Thursday, February 28, 2013

Perfect Mommy, Expectations and You

If you're a parent you know her. If you teach or work with children, you may know her in the faces of those of us trying to BE her.

Perfect Mommy is well, perfect. She is well read in all the latest research. She never loses her temper. She never looks like she has been awake all night with a sick baby or smell faintly of sweet potato vomit even a week later. Her house is always clean. She may balance home and work with ease, or perhaps she is the pinnacle of the stay at home mom, home lined wall to wall with art projects and her toddlers first epic poem. She feeds her child only all organic healthy snacks, and most certainly never allows her child to have a cookie for lunch because he's been teething all day and it is literally ALL HE WILL EAT and oh my god you just want them to eat ANYTHING since there was a boycott at breakfast.

Perfect Mommy is a snipe. A red herring. She. Does. Not. Exist. But any new parent can tell you (because lets be honest, the pressure of Perfect Daddy is growing daily) that she is the enchanted mirror we hold ourselves up to every day. And she's destroying us slowly.

Some of Perfect Mommy's demands are not unreasonable. They're backed by science. Your child should eat healthy? No brainer. But here is where my dear friend science begins to get a bit like near sighted back seat driver. I am all about science. Science is cool and lets me put pictures of my cats all over the internet while I stream Raffi music instantly, as well as you know, help me live with an ill fated lay about thyroid. But sometimes science forgets that what works in a lab doesn't always translate to, well, life. There is what is ideal, and what is reality. Eating habits is a solid example. Not every meal can be a gold star standard, especially with toddlers who will survive on Mac N' Cheese one day, then entirely on carrots, then the next day air. Even before solids we battle with Perfect Mommy and her lab coated henchmen telling us what we're doing wrong.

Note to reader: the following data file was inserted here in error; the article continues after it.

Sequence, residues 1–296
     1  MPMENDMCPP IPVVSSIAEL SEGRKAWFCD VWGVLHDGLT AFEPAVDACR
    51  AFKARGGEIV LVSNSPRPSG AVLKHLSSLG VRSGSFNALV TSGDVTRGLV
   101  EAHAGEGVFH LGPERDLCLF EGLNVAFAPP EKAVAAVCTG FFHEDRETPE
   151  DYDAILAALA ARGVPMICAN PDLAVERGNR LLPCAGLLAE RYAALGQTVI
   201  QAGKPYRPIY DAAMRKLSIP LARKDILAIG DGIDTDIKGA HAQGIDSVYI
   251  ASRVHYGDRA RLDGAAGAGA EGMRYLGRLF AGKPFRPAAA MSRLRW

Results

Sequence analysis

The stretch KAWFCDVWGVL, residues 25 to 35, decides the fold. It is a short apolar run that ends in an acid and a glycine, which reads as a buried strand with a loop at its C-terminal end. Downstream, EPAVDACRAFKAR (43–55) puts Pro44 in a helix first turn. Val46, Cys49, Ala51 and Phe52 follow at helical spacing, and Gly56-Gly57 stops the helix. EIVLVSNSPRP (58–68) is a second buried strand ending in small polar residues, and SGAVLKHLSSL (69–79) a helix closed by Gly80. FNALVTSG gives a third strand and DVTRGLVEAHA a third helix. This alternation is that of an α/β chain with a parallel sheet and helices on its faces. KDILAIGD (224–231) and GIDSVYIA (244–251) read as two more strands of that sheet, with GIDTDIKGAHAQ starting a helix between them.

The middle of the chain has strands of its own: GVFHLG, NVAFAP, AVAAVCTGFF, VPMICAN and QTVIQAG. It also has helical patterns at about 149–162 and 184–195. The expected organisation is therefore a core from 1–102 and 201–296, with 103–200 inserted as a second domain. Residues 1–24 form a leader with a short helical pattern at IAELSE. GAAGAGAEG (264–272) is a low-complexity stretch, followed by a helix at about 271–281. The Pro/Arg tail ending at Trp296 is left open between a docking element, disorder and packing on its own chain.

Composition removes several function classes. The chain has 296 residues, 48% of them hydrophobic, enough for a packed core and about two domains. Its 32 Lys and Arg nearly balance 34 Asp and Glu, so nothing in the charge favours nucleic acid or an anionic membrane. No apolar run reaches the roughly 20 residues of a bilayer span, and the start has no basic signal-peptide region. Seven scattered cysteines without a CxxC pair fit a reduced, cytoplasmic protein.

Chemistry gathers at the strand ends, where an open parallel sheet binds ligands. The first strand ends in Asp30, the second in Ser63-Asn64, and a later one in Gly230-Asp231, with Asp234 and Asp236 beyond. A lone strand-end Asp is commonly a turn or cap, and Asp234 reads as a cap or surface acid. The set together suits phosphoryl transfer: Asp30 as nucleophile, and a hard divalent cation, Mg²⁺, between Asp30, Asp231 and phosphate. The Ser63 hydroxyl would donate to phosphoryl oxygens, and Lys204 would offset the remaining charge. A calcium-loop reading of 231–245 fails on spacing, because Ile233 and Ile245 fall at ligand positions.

I am a strong believer in breast feeding. I knew from the beginning I was going to do it. I even eye balled my sister in law for not being willing to even try it before going to the bottle for her baby. It's natural right? We were made with the equipment and supplies built in. It's natural, yes, but come naturally? I left the hospital after a few frustrating and a few awesome experiences with lactation consultants. My son latched well and it looked like we were going to be poster baby and mommy for the breastfeeding revival. Then I learned what an 'excited ineffective' feeder was and suddenly those moments my mom had described as bonding magic were hellacious. He screamed and got frustrated. So did I. I felt i was a crushing failure. I glorified my breasts, how could they fail me? My milk supply dropped from the ineffective nursing, and after some formula supplementation, my son quit both bottle and boob by his first year mark*. His weight, all the way until that mark when solids and cows took over, was a source of constant anxiety to me. At 19 months my son is in the 6th percentile for weight, after hovering barely in the 5th for months, perfectly healthy and a bottomless pit most days. He'll never be a big guy, his dad is 115 lbs, but I can't tell you how I silently celebrated that 1% climb when it happened. Those numbers were how I was measuring my success instead of his perfect cherubic frame and boisterous sponge like demeanor.